Saliva not only aids digestion and allows you to chew and swallow, but it also acts as a natural mouth cleanser. Tooth decay and gum disease are a lot more likely to occur if you don’t have enough saliva. To prevent tooth decay and the aforementioned diseases if you have a dry mouth, you must be extra vigilant to practice good oral hygiene habits, which include:
- Brushing your teeth at least twice a day (preferably more frequently), after and meal, and before going to bed
- Flossing your teeth one to two times a day
- Using a fluoride-containing toothpaste
- Visiting your dentist at least twice a year for a checkup and cleaning; your dentist may suggest using a fluoride rinse or gel regularly to keep your teeth safe.
Increasing Saliva Flow When You Have a Dry Mouth
If you have a dry mouth, your doctor can recommend an oral rinse to help you rehydrate your mouth. These items are available over the counter as a rinse or spray. Ask your dentist or doctor about specific kinds of toothpaste, mouthwashes, and moisturizing gels for dry mouth. If that doesn’t work, they can prescribe Salagen, a medication that increases saliva production. Evoxac, a prescription drug, has been approved by the FDA to treat dry mouth in people with Sjögren’s syndrome, an autoimmune condition that causes dry eyes, dry mouth, dry skin, and muscle pain.
Finally, experimental therapies that seem to be promising are being investigated. Scientists are designing an artificial salivary gland that can be inserted into the body and work on ways to restore damaged salivary glands.
When should you see a doctor?
Make an appointment with your doctor as soon as possible if you’ve been experiencing chronic dry mouth symptoms.
What Should I Do If My Mouth Is Dry?
You may also try the following methods to increase saliva flow:
- Chew sugar-free gum, preferably with xylitol, or eat sugar-free sweets. Lemon, for example, is acidic and can soften teeth. Snack on sugar-free ice chips or ice pops. Ice should never be chewed because it can damage your teeth—these acts of sucking and chewing help induce saliva flow.
- To keep your mouth moist and loosen up mucus, drink plenty of water. Carry water with you during the day to sip on, and take it in your bed at night.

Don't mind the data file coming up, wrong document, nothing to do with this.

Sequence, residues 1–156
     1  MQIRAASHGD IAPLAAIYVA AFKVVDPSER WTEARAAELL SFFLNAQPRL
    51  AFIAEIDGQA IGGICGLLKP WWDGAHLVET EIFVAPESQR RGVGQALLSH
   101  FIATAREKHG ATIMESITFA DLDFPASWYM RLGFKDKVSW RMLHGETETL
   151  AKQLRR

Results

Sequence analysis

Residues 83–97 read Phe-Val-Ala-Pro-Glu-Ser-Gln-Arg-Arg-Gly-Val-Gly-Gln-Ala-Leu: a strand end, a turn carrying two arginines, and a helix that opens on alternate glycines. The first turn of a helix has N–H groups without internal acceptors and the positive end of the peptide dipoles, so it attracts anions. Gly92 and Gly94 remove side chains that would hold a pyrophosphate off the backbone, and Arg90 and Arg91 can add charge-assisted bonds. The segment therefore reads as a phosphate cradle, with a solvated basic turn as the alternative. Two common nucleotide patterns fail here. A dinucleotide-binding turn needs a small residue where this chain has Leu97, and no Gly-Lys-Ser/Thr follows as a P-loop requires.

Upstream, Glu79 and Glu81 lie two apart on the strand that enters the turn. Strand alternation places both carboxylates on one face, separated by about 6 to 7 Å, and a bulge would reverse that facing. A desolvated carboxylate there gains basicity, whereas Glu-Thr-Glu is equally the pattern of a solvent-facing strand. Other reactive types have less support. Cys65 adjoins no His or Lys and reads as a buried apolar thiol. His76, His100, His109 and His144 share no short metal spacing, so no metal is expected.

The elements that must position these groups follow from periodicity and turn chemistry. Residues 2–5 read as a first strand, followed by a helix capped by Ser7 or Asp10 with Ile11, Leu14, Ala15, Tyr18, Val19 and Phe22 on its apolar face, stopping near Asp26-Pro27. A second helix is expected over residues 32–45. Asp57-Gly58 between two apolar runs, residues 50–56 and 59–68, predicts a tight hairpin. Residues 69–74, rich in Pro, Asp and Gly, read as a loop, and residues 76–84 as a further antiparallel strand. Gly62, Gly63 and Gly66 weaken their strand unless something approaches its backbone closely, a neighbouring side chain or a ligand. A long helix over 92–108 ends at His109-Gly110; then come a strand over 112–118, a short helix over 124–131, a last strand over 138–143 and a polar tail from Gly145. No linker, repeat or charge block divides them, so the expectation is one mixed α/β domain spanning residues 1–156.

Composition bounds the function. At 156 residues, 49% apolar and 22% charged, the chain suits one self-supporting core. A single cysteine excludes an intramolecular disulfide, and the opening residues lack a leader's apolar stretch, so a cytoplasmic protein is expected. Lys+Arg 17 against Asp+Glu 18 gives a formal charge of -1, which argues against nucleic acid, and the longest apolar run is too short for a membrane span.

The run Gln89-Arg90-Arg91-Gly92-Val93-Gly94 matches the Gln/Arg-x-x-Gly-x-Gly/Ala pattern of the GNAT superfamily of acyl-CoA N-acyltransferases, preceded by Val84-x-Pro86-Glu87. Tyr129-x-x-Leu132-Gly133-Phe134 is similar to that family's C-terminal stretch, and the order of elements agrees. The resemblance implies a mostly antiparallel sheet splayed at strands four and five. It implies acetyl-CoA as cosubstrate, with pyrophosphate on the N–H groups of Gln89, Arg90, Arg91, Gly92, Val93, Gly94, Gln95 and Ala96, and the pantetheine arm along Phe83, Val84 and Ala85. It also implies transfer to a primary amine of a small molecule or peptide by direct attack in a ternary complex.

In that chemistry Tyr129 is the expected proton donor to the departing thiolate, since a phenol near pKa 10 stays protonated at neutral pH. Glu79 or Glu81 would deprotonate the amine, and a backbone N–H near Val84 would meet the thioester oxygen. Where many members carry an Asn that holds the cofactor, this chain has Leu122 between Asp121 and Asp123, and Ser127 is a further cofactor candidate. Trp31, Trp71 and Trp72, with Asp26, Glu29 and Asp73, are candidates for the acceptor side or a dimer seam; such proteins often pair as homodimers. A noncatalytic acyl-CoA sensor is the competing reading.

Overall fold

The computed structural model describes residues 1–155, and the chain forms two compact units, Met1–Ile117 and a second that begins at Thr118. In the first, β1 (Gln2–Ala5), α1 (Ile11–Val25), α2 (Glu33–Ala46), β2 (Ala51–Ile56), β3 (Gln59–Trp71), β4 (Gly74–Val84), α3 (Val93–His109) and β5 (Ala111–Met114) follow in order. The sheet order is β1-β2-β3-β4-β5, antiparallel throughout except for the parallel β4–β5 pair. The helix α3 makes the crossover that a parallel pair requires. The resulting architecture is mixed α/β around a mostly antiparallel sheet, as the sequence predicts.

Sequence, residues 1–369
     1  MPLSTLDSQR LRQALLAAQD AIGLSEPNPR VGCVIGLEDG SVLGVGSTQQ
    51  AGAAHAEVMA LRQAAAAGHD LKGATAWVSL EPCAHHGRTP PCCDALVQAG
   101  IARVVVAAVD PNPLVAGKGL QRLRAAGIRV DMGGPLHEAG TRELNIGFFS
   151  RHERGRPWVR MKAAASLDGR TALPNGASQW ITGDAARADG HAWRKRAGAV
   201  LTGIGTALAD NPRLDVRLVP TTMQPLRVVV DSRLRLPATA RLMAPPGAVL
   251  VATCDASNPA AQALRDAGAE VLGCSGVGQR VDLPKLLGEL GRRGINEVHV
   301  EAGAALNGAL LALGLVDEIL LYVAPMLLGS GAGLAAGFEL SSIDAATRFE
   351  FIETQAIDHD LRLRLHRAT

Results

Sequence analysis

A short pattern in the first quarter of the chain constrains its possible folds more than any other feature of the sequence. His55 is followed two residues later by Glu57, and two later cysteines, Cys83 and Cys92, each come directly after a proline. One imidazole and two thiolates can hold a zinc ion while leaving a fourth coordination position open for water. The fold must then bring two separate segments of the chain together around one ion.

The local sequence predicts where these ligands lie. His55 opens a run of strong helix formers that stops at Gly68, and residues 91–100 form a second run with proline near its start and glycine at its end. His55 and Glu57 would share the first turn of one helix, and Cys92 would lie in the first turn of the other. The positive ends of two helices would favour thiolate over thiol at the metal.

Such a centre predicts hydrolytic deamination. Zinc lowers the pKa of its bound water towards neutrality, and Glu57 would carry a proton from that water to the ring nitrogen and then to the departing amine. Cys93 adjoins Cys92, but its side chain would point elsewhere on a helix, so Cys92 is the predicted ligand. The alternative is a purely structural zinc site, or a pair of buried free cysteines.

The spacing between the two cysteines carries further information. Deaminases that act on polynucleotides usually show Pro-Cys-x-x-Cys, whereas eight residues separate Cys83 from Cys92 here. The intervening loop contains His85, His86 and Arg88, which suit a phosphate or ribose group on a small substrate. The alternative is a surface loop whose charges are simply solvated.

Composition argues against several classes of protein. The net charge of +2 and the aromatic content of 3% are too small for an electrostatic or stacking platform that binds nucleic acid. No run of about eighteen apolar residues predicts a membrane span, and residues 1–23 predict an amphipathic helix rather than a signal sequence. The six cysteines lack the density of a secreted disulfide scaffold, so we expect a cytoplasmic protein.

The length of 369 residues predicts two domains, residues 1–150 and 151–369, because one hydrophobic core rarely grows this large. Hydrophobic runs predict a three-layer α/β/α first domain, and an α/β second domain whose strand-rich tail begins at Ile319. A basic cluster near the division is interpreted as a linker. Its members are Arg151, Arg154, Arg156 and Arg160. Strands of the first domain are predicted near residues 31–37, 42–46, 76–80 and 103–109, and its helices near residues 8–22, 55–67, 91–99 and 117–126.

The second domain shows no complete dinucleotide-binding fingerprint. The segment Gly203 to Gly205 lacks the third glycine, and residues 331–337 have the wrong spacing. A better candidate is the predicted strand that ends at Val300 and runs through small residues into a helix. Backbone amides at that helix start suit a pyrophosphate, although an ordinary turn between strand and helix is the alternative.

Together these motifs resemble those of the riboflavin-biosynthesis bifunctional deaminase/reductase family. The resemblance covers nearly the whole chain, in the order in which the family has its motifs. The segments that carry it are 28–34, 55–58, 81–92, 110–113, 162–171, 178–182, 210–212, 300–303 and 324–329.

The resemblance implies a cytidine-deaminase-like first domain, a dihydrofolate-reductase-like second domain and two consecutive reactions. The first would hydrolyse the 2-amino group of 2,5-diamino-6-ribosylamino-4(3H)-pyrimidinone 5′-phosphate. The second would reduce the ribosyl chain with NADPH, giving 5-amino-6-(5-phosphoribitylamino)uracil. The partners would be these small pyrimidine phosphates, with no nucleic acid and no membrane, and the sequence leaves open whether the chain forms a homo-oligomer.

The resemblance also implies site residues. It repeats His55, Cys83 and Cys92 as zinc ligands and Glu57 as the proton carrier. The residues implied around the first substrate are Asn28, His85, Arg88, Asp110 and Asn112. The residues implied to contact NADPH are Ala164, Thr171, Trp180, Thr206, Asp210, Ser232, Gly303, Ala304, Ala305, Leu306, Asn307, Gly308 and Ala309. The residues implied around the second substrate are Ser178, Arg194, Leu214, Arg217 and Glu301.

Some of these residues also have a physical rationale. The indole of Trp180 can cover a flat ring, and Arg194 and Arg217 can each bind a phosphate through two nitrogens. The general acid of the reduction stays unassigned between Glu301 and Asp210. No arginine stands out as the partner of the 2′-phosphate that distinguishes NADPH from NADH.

- Brush with fluoride toothpaste, rinse with fluoride, and see the dentist regularly. Commercial mouthwashes and mouth rinses containing alcohol or peroxide should be avoided. These ingredients will dry out your mouth even more.
- As much as possible, breathe through your nose rather than your mouth.
- To add moisture to the air in your bedroom, use a room vaporizer.
- Use a commercially available artificial saliva substitute.
- Broths, soups, sauces, gravy, creams, and butter or margarine may be used to moisten foods. Consume cool or room temperature light, moist foods.
- Salty snacks, dry foods (like crackers, toast, cookies, dry bread, dry meats/poultry/fish, dried fruit, and bananas), and high-sugar foods and drinks should be avoided.
- Avoid alcoholic and caffeine-containing beverages (like coffees, teas, some colas, and chocolate-containing drinks). Alcohol causes excessive urination, which causes water loss. Caffeine, like alcohol, even dries out the mouth.
- Stop acidic drinks such as orange, apple, peach, and grapefruit juices, as well as tomato juice.
To relieve the discomfort caused by dry mouth, try the following:
- Spicy or salty foods should be avoided if you have a dry mouth.
- Stop smoking.
- Lips should be moisturized.
- Clean your teeth and gums with a soft-bristled toothbrush, and rinse your mouth with regular water or a mild mouth rinse (8 ounces water, 12 teaspoon salt, and 12 teaspoon baking soda) before and after meals.